An evil corporation that corrupted GameFAQs. Their CEO is Satan, and other workers include:
George W. Bush
A male prostitute (to give the other workers buttsekz, they love buttsekz)
CJayC (unfortunately, he used to be good)
A few gorillas (they coded the sites, ya know)
A CATS (from Zero Wing) fan (to help make all your site belong to CNet)
Osama bin Ladin (CNet's HQ is where he's been hiding)
A robot that runs on Windows ME
Other equally evil people
CNet sucks ass. No, wait, they take it up the ass.
Evil people who take over loved message boards and websites and piss people off.
CNet has taken over GameFAQs again.
CNet has fucked over GameFAQs again with their hellishly ugly new board layout.
Picture if you will, a long-time CNET (and more particularly, ZDNET) enthusiast as he reads the days events. Clicking onto a white paper, he is presented with the option to sign up to access the BizTech resource section for a mere $1 (initially), increasing thereafter to a nominal $6.95. “$1.00 for access to ZDne’t s vast archives of Biztech Whitepapers – what do I have to lose?” he thinks to himself as he cheerfully enters his Credit Card info into the online form.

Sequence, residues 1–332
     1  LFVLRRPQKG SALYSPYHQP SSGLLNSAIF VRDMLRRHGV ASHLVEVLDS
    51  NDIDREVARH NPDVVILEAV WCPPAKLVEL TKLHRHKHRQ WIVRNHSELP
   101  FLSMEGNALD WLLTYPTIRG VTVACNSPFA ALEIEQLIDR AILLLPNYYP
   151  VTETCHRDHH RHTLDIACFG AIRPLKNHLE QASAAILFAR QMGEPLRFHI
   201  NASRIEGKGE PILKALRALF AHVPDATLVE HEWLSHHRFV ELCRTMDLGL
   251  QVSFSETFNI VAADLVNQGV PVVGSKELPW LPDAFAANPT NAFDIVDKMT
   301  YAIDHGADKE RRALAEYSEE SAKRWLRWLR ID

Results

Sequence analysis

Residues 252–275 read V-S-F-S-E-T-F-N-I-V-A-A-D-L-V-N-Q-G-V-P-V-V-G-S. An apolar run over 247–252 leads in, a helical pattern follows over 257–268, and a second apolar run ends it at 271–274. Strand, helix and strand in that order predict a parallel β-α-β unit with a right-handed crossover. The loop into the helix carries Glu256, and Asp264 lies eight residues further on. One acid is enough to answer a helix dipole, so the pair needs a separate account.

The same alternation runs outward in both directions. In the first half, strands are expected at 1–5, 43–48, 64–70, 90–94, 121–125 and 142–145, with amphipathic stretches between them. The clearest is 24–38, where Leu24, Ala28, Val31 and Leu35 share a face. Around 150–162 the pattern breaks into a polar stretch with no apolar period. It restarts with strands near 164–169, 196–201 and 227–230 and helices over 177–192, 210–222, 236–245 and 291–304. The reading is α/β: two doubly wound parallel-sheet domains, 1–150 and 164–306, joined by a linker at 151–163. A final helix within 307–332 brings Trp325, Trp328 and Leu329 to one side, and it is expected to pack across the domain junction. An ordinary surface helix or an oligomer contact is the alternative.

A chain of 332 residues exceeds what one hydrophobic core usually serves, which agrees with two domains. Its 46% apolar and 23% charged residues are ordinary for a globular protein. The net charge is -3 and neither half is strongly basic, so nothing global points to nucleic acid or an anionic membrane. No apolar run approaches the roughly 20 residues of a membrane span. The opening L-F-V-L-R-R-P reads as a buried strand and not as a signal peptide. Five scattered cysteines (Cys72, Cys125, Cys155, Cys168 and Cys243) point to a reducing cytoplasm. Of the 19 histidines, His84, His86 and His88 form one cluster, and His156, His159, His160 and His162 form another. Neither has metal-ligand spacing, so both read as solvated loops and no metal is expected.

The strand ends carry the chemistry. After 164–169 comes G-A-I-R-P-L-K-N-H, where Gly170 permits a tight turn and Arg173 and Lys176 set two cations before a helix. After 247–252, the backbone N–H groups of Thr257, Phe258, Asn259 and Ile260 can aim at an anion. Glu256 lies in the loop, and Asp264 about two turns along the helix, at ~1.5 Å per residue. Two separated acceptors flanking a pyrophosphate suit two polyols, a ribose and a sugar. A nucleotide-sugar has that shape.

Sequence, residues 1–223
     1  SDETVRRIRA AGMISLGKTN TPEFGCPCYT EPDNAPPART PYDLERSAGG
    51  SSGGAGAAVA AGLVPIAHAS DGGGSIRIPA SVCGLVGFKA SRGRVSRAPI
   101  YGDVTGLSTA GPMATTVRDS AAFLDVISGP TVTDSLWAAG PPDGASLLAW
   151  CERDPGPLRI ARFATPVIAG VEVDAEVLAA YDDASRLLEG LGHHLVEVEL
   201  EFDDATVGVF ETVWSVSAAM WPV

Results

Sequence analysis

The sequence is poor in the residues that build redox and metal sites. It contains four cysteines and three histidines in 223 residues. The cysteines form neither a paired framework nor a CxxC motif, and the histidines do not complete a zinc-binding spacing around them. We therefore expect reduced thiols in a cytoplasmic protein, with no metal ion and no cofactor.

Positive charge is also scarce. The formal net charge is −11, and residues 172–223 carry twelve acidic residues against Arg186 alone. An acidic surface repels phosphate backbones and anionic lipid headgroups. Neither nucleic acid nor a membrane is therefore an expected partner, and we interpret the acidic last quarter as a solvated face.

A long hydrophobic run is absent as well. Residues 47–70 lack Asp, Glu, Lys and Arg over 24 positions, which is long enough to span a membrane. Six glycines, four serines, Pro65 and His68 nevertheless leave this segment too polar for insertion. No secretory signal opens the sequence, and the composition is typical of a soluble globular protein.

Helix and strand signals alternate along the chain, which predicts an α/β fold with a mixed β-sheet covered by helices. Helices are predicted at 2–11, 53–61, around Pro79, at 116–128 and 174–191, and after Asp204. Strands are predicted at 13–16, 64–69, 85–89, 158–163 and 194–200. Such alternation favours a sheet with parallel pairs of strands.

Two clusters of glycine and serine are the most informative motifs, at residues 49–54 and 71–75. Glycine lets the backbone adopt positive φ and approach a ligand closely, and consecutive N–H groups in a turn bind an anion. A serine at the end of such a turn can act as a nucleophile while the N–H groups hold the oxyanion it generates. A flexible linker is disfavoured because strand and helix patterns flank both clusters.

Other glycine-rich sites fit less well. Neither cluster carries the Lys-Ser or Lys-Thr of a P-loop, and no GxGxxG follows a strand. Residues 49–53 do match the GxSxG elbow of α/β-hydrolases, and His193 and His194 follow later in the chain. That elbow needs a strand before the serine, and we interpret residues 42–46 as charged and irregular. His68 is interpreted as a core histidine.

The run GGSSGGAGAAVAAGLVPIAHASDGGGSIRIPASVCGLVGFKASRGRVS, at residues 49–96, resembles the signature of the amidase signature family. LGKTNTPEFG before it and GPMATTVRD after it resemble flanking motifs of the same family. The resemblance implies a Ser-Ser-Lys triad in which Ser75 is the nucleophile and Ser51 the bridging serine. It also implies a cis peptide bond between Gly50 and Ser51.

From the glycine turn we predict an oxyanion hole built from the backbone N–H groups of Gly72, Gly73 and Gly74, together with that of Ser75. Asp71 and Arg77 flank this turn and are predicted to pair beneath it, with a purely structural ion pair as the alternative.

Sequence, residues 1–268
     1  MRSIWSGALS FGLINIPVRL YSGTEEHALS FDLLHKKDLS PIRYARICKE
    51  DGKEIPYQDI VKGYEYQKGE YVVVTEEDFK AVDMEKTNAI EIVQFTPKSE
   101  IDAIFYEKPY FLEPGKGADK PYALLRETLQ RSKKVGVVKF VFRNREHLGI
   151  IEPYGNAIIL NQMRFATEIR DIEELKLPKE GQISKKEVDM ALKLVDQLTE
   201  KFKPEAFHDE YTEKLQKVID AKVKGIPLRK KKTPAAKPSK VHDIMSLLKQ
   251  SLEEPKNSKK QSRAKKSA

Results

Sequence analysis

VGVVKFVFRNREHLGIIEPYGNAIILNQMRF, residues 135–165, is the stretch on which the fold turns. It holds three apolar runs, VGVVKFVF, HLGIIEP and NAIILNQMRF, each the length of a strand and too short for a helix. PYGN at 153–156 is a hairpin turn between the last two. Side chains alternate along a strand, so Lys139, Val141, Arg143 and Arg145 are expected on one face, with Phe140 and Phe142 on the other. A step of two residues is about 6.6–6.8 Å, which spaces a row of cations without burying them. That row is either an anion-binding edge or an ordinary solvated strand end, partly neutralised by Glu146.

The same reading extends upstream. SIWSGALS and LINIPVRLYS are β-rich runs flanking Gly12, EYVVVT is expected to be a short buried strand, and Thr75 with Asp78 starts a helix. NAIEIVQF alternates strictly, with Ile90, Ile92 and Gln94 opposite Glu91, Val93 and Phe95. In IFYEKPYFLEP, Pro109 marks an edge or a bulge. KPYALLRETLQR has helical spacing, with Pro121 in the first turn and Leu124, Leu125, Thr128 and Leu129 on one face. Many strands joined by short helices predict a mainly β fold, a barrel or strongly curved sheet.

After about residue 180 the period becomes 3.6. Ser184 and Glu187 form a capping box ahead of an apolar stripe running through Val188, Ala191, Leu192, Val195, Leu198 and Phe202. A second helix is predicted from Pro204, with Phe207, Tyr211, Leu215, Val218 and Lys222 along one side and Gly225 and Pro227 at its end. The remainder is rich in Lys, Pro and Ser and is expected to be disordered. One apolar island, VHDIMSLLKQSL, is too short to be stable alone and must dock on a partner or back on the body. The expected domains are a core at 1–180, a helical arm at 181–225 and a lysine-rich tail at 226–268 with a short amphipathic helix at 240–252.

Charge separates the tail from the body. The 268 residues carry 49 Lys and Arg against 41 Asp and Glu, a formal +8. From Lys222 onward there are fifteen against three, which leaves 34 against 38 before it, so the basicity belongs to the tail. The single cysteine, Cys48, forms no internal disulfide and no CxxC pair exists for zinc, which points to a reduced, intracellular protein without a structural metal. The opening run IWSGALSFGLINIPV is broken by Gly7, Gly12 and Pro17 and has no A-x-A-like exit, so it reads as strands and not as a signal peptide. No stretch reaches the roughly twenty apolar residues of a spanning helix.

Fast forward, less than an hour later, and this same customer has become quite disgruntled. Few, if any, of the services actually work (despite numerous login attempts; the modification of browser and cookie security settings; and the odious task of repeatedly going over technical support documents).
Worse yet, an attempt to gain information pertaining to technical support yields nothing other than a poorly designed "help" section - "CNET help.com" - whereby he is provided with NO means of contacting the proper authorities at CNET to discuss (or at least inform them) of the increasingly evident problems with the service – on the administrative side.
Logging back into his "CNET advantage" control panel - he proceeds to look for ways to contact CNET. "Success!" he thinks as he comes across a lone contact form. Now engulfed in rage (and the feeling of being “duped”), he portrays his emotions and opinion with your service, clicking the “submit button” a few more times than required.